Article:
musicians may "blow out” an instrument in 5-10 years. This idea was put to me by Jay 
Krush, founding member of Chestnut Brass Company, an ensemble that specializes in 
playing early brass instruments. Most of the historic instruments they've been able to 
collect are real dogs. "The good ones were played until they died. The ones that survive 
were owned by amateurs who rarely played them, then threw them in a closet until their 
grandchildren found them." 

5 An excellent summary of work by the Edison staff: STYLUS SHAPES and SIZES: Preliminary 
Comments on Historical Edison Cylinder Styli, by Bill Klinger, Chair of the ARSC Cylinder 
Committee. 


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Edison left behind some very detailed technical drawings. Unfortunately, just as 
they were "making it up as they went along”, they didn’t really know what 
information might be worthwhile to keep - either for the benefit of their developing 
profession, or for future researchers. 

Despite the many limitations of weight driven lathes and large acoustic horns, and 
the uncertainties about practices in the early decades, we nonetheless have 
documents of the cultural record that do not exist from earlier times. Audiovisual 
records are what distinguish the cultural record of the 20 th century. This is what 
drives our curiosity to understand these media. We gain both a better 
understanding of our history during this important period of change, and as 
audiovisual archivists, an appreciation for the roots of our profession. 

The Problem 

There are serious challenges to determining the correct way to reproduce these 
recordings. At what speed was the lathe turning on the day this particular recording 
was made? What pitch did the musicians tune to? How accurately regulated was the 
speed of the lathe? Did the musicians re-tune between takes? Were the musicians 
from different traditions and choose a compromise pitch for the recording date? 6 

As we can see, there are many contextual problems to determining "what is the 
correct speed” of an acoustic 78rpm disc. Lacking strong documentation from a 
period of general uncertainty, we are forced to work with the recording engineer’s 
final product, that is the discs themselves. The overwhelming majority of the discs in 
existence are heavily worn from many years of use and enjoyment. This wear means 
our work in reproduction, especially stylus selection, must take this deterioration 
into account in the data we gather. Just as archaeologists must interpret fossils and 
astronomers must compensate for the affect of the Earth’s atmosphere when 
peering into the heavens, record wear obscures our data 7 .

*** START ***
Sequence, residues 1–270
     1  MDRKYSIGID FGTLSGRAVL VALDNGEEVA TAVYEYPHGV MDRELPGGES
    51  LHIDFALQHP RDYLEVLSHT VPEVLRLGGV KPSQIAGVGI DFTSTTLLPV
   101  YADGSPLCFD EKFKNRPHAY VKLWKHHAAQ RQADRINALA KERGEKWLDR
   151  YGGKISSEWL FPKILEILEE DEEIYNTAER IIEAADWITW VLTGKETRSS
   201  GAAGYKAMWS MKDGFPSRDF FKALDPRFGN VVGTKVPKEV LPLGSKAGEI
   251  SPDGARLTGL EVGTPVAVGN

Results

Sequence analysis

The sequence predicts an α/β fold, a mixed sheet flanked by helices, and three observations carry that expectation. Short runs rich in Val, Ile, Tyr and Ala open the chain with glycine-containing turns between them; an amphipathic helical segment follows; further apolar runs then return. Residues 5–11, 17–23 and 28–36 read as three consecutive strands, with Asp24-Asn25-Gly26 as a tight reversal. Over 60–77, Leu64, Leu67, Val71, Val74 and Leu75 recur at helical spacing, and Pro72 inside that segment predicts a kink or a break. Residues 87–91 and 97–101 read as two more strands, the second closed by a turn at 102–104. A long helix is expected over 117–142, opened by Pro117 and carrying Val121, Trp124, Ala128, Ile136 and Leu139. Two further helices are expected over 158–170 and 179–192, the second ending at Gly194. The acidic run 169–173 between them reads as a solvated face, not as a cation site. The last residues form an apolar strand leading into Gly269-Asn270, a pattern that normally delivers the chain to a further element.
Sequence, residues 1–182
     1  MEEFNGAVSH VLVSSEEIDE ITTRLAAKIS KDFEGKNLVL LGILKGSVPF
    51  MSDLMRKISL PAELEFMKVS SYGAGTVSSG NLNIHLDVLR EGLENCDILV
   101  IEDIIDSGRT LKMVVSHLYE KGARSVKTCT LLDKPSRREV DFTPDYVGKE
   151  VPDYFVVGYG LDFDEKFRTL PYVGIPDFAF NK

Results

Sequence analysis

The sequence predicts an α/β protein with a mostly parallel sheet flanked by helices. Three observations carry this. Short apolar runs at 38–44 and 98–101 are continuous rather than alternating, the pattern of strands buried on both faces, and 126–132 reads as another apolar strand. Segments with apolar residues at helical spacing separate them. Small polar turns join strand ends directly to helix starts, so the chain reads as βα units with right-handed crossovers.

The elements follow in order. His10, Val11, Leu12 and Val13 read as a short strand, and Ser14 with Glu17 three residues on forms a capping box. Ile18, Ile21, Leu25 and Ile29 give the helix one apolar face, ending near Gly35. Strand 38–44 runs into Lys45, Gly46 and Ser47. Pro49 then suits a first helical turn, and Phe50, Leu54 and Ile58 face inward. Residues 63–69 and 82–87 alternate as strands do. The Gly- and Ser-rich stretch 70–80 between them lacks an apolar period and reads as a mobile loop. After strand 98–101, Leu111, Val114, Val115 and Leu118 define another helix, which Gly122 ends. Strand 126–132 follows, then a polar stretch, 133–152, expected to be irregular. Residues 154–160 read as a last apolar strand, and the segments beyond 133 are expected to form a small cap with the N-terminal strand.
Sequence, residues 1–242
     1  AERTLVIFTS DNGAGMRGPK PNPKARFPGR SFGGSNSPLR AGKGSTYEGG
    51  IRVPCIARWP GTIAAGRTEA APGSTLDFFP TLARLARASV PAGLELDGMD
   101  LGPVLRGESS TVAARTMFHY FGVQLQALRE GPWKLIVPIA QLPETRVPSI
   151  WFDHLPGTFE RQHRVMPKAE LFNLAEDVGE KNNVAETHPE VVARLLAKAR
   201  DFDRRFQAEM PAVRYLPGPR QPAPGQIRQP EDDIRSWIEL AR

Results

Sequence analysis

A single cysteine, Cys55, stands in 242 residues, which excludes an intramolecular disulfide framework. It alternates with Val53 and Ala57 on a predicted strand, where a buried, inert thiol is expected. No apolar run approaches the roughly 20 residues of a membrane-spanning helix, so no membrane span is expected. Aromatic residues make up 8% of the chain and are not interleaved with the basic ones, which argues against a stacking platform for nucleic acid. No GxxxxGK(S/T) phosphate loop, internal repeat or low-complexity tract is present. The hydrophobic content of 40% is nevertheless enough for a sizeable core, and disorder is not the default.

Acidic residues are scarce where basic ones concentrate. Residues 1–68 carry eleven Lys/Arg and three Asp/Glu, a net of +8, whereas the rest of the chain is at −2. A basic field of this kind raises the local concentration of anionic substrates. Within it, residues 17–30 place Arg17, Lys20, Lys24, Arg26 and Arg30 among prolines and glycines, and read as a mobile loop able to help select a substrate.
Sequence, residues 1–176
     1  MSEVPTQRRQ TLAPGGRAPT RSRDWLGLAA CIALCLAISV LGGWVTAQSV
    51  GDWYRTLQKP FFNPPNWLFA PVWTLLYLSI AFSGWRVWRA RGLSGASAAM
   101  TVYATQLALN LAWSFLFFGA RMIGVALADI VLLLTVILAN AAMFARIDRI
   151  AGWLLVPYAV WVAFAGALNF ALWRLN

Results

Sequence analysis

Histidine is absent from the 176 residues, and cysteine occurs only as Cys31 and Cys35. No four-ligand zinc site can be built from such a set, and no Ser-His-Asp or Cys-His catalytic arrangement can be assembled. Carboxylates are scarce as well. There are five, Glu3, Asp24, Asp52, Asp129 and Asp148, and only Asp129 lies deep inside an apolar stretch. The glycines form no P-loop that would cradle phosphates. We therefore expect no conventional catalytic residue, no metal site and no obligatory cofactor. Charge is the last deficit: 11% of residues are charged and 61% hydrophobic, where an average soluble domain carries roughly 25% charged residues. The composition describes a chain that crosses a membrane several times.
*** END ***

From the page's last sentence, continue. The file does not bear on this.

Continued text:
6 The author is grateful to Clara Blood, DMA, for furnishing this fascinating discussion on 
this topic as viewed from a different vantage: Oboists as keeper of orchestral pitch. 
http://www.oboeclassics.com/Burgess.htm 

7 This assumption regarding the impact of record wear is brought into question later in this 
paper. 


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The Digitization Process 

The playback and digitization process followed the widely adopted best practices of 
the trade: 

• Hand-delivered from home institutions 

• Cleaned with Keith Monks Record Cleaning Machine (distilled water) 

• Pictures of the label and matrix (Nikon D810 at 400ppi TIFF) 

• Technics SP-15 Turntable fitted with needles by Expert Stylus 

• 4 KAB preamps 

• 8 Channel PrismSound ADA-8XR (96kHz/24bit) 

• Pitch detection 

• Trim and render derivatives for National Jukebox 8 

• Harvest and store AES-57 metadata 



Figure 1 


Figure 1. This is the playback system built for this work. By mounting 4 tone arms, 4 different styli can 
be reproducing at the same time. The engineer can compare, in real time, the sound of each stylus and 
rapidly switch between them. Compared to the traditional method of manually changing the stylus, then 


8 All the work for the Library of Congress is destined for this site: 
http : / /www.loc.go v/j ukebox / 


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replacing with another, then changing back, etc., there is no need to remember what one stylus sounded 
like. With the push a button the operator can compare, not 2 but 4, different styli rapidly. 

The Data 

The core sources 9 for this study have several attributes that make the data 
especially relevant: 

• The sample sets are large: more than 9,000 disc sides. 

• The data include international sources. 

• A period of approximately 20 years of early recording practice is covered. 

• All work was performed to the same specifications. 

• All work was performed with the same equipment. 

• All work was performed by the same engineer. 

These are the four data sets used in this study: 

• Victor Talking Machine Company 

The Victor discs are the stuff collectors, engineers and historians dream of. They are 
in pristine condition, beautifully preserved at the Eldridge Johnson Museum. Most of 
the rare and international titles in this study are in this collection. 

• Edison Diamond Discs 

These are factory originals, also in pristine condition [‘reference discs' they might be 
called], under the care of Gerald Fabris at the Edison National Historic Park. This 
data set includes multiple takes of the same selection. 

• OKeh Records 

Unlike the Victor and Edison discs, the OKeh disc collection was assembled from 
discs that had circulated in the wild. They had been bought in stores, played, 
enjoyed, and handled under a random set of circumstances. They are far more